Last month, the Edinburg-based firm had written to the government saying it would be forced to seize Indian government assets if New Delhi fails to pay it $1.4 billion after losing a bitter dispute over retrospective taxes.
"Cairn Energy CEO Simon Thomson is looking forward to meeting the Government of India Finance Minister in Delhi next week," the company tweeted with a video of the chief executive urging a swift honour of the tax verdict.
An international tribunal had in December unanimously ruled that India violated its obligations under the UK-India Bilateral Investment Treaty in 2014, when the income tax department slapped a Rs 10,247 crore tax assessment using legislation that gave it powers to levy taxes retrospectively.
"The arbitration is now finalised and the award has been given and we would request along with others, that the Indian government moves swiftly to adhere to the award that has been given," Thomson said in the video address.
This, he said, was important to Cairn's shareholders, "who are global financial institutions and who want to see a positive investment climate in India."
Soon after seeking Rs 10,247 crore in taxes over alleged capital gains made by the company over a 2006-07 reorganisation of India business before its listing, the tax department seized Cairn's residual 10 per cent stake in Cairn India.
In a ruling Cairn had previously described as "final and binding", the tribunal ordered New Delhi to pay USD 1.2 billion in damages, plus interest and costs, to compensate Cairn for the shares long sold off by the tax department as well as confiscated dividends and withheld tax refunds. This totals $1.4 billion.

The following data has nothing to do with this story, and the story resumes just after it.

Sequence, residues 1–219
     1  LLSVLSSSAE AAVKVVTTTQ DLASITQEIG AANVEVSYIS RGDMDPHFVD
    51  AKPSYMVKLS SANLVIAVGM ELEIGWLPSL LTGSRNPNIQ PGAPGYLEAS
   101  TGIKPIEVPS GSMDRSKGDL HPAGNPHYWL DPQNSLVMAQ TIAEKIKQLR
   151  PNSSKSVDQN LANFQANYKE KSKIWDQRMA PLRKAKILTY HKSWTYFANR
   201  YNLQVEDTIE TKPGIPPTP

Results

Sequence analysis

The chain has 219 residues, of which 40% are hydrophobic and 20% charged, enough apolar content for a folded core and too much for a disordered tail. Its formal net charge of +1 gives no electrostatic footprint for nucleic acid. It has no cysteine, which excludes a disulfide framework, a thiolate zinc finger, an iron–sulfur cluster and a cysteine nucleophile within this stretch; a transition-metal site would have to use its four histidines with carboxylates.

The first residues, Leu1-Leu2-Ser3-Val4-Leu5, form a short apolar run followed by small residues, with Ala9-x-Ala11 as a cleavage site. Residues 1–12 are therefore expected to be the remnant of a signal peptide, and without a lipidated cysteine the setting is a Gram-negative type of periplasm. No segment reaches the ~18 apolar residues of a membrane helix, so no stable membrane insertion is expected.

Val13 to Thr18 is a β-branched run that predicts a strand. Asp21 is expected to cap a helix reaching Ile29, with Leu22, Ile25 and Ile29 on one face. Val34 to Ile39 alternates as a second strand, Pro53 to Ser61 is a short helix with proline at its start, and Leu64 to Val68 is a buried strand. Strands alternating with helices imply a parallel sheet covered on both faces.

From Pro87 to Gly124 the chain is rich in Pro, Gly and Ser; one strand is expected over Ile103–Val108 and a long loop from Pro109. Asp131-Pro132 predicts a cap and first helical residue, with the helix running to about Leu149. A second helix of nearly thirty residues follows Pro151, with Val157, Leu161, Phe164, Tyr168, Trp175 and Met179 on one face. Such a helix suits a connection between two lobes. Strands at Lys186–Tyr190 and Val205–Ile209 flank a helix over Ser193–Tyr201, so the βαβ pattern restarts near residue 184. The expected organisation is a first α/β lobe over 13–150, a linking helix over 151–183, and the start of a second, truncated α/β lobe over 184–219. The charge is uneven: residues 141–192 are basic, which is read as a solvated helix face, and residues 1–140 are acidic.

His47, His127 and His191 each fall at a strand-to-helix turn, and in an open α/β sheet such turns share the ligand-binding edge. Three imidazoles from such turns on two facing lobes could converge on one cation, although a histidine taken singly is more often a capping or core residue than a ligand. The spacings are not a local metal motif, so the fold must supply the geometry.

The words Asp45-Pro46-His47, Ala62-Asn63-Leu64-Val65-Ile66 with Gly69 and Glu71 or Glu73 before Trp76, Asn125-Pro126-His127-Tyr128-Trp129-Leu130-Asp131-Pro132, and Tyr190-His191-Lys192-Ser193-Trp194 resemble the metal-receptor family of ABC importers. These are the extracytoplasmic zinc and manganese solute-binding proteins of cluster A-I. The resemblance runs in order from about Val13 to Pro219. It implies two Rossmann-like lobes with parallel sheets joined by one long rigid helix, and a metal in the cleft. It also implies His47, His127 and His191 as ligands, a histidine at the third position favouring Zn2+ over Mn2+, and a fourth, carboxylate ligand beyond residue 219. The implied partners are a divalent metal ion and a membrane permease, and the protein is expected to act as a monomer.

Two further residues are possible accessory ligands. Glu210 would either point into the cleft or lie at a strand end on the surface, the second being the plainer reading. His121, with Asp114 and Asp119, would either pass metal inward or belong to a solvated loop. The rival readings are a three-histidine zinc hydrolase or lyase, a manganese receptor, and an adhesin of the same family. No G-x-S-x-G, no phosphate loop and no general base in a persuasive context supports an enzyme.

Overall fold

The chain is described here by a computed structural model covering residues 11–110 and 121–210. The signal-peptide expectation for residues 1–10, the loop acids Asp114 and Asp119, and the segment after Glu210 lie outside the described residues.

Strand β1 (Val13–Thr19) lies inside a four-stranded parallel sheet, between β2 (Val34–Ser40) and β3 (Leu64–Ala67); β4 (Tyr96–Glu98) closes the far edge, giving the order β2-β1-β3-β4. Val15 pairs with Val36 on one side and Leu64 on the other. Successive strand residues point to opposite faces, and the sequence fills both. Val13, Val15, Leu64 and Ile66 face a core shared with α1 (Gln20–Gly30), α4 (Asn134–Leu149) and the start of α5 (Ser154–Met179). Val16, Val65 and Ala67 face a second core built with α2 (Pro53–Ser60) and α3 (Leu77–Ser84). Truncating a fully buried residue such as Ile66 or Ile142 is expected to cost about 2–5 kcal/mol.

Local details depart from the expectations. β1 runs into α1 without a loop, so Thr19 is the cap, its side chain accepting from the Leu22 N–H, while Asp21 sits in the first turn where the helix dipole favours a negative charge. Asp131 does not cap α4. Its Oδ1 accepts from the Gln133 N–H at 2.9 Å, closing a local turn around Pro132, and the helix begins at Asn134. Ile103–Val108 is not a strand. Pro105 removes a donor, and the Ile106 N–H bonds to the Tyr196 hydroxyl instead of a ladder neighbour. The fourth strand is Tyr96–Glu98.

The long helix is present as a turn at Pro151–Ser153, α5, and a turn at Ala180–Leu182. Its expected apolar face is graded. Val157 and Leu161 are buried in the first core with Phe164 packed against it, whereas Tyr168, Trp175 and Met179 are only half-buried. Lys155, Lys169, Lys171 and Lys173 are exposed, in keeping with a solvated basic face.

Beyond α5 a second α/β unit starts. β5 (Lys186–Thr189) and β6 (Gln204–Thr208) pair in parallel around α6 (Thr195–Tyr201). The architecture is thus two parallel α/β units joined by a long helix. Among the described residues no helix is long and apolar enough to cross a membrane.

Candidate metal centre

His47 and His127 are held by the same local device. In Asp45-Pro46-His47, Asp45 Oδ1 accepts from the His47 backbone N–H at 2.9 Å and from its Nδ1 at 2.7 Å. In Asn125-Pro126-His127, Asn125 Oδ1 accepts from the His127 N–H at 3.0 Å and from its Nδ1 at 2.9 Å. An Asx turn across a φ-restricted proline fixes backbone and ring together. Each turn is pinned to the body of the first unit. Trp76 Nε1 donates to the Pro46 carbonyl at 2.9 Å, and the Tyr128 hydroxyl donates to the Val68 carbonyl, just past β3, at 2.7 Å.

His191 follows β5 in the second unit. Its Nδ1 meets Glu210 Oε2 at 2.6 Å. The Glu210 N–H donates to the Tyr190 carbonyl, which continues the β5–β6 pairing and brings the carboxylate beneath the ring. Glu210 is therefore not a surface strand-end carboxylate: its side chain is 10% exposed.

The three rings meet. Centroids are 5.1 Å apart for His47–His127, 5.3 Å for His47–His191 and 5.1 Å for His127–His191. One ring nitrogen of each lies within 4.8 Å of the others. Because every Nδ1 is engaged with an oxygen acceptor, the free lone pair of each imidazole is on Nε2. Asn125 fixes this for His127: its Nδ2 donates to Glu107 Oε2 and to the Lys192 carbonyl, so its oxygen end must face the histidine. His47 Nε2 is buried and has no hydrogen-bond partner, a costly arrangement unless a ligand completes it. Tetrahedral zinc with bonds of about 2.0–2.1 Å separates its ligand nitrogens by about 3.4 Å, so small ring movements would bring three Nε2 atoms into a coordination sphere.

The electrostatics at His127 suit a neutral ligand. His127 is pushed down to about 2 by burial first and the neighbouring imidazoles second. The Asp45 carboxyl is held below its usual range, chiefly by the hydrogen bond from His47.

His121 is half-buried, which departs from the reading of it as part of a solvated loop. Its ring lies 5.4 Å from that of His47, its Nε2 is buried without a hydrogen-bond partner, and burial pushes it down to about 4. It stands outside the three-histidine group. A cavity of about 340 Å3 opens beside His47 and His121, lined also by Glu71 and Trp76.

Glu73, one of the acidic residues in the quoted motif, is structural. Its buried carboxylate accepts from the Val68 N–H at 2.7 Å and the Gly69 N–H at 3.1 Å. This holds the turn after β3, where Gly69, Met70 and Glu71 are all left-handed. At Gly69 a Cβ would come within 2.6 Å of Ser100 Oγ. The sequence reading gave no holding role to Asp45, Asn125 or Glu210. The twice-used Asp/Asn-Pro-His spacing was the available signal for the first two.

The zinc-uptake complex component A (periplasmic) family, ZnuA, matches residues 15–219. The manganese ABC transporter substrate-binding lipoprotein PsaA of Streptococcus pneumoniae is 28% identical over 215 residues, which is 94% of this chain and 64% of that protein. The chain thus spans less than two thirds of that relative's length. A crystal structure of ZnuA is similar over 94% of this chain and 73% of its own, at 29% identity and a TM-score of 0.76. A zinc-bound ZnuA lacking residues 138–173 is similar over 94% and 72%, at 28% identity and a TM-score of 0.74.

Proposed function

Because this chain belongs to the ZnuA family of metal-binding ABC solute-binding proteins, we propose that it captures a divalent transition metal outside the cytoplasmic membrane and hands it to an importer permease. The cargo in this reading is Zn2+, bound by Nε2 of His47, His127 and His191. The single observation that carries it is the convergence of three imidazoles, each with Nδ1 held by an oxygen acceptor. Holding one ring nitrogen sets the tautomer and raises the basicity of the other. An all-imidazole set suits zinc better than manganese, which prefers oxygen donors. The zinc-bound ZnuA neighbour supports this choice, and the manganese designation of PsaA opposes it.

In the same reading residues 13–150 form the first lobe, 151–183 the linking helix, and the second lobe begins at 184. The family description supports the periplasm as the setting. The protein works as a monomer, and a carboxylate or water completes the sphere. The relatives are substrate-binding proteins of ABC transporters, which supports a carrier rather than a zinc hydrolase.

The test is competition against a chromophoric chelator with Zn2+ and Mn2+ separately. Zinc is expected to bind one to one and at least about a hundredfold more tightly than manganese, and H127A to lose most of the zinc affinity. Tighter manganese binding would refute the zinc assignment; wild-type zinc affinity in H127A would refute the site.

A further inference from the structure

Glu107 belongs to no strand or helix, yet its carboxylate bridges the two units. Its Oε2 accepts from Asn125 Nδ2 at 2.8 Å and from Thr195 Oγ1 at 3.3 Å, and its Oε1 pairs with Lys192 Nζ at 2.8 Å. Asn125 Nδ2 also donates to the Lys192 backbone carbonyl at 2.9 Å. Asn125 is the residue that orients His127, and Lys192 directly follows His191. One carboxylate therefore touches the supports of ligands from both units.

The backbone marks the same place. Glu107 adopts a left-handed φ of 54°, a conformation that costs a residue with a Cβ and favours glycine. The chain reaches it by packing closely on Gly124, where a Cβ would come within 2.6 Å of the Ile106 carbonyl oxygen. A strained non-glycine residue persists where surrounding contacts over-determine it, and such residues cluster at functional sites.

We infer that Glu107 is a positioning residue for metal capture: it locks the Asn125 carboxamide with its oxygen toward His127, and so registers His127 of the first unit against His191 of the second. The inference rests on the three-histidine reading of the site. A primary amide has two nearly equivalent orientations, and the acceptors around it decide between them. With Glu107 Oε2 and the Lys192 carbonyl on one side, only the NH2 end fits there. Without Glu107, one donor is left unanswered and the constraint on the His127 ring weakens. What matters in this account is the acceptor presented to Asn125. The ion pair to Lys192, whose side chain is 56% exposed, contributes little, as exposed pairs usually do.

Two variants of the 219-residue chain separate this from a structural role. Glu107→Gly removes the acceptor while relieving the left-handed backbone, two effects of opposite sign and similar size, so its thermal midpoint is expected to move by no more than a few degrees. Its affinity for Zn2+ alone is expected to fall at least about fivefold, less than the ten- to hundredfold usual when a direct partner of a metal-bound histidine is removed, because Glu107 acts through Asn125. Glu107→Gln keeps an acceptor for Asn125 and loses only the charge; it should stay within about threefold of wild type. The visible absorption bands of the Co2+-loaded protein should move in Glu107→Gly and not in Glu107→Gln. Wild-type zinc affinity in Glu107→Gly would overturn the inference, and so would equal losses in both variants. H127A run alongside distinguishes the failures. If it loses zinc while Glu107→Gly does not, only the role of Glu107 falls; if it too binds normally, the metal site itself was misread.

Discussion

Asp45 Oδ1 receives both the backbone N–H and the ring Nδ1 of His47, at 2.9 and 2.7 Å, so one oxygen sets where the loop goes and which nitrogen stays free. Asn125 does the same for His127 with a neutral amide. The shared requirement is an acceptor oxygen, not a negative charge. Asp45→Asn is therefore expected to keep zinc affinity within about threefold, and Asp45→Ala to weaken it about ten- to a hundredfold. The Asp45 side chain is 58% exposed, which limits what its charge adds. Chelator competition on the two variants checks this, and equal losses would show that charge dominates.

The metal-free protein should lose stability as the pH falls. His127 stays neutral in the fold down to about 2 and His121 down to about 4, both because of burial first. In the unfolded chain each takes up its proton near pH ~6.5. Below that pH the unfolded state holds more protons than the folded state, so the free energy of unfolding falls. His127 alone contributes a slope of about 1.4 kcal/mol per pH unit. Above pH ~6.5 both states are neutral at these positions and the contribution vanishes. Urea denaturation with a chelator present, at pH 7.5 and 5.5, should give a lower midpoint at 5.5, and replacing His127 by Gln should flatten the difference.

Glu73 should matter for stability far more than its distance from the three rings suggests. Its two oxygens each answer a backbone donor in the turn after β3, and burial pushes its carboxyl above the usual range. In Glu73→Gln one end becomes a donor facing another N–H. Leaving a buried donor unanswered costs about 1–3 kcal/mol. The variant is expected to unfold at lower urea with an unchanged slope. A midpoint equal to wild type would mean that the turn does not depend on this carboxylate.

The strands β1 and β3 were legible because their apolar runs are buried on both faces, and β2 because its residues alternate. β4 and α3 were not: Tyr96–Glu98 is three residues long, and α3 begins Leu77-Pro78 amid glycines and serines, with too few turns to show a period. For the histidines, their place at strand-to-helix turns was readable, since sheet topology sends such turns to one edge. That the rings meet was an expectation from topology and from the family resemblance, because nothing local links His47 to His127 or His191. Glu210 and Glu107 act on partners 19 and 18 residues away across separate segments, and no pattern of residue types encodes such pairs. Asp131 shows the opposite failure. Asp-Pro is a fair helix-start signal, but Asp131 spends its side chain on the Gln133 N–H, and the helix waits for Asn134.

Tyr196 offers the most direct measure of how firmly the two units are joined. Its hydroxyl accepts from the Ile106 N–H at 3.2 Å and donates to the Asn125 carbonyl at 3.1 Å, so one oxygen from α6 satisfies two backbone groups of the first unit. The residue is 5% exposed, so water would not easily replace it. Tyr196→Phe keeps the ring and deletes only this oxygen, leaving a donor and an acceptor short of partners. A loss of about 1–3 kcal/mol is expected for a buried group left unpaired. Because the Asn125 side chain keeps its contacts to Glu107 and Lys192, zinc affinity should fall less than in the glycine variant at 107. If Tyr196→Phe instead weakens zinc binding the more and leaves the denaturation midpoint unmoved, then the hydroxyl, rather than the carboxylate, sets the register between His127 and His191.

Cairn is seeking a meeting with the Finance Minister to understand the Indian government's response to the arbitration award.
Its shareholders have been egging the management to take action to get the money back.
But one-and-a-half-month since the 582-page judgment was issued, the government has given no indication whether it intends to honour the verdict, though payment was due immediately.
Sitharaman's office hasn't yet given Thomson a time.
"I'm sure that in working together with the government, we can swiftly draw this to a conclusion, and reassure those investors as to the positive investment climate that India offers," said Thomson in the video.
He said Cairn is a wonderful example of successful investment and partnership in India.
"Over decades we built a legacy business that's generated so far over $20 billion of revenue for the Government of India (and has) also shown massive benefit for the local populations where we operated in Gujarat, in Andhra Pradesh, and in Rajasthan," he said.
Cairn gave the country its biggest onland oil discovery in Rajasthan. It also developed the Ravva oil and gas field off the Andhra coast and smaller discoveries in Gujarat.
In the letter to the Indian government last month, Cairn had said its shareholders - including big financial institutions such as BlackRock, Fidelity, Franklin Templeton, Schroders, and Aviva - "expect an early resolution, failing which they will expect Cairn to pursue the award in conformity with its rights under the treaty".
"The award can be enforced against Indian assets in numerous jurisdictions around the world for which the necessary preparations have been put in place," it added.
The letter did not specify the assets that might be seized but it is widely speculated that the targets could include bank accounts as well as mobile and immobile property, including the assets of public sector enterprises such as state-owned Air India, but not diplomatic assets.
Earlier this week, Minister of State for Finance Anurag Singh Thakur had told Lok Sabha that the Cairn arbitration award was "under consideration of the government.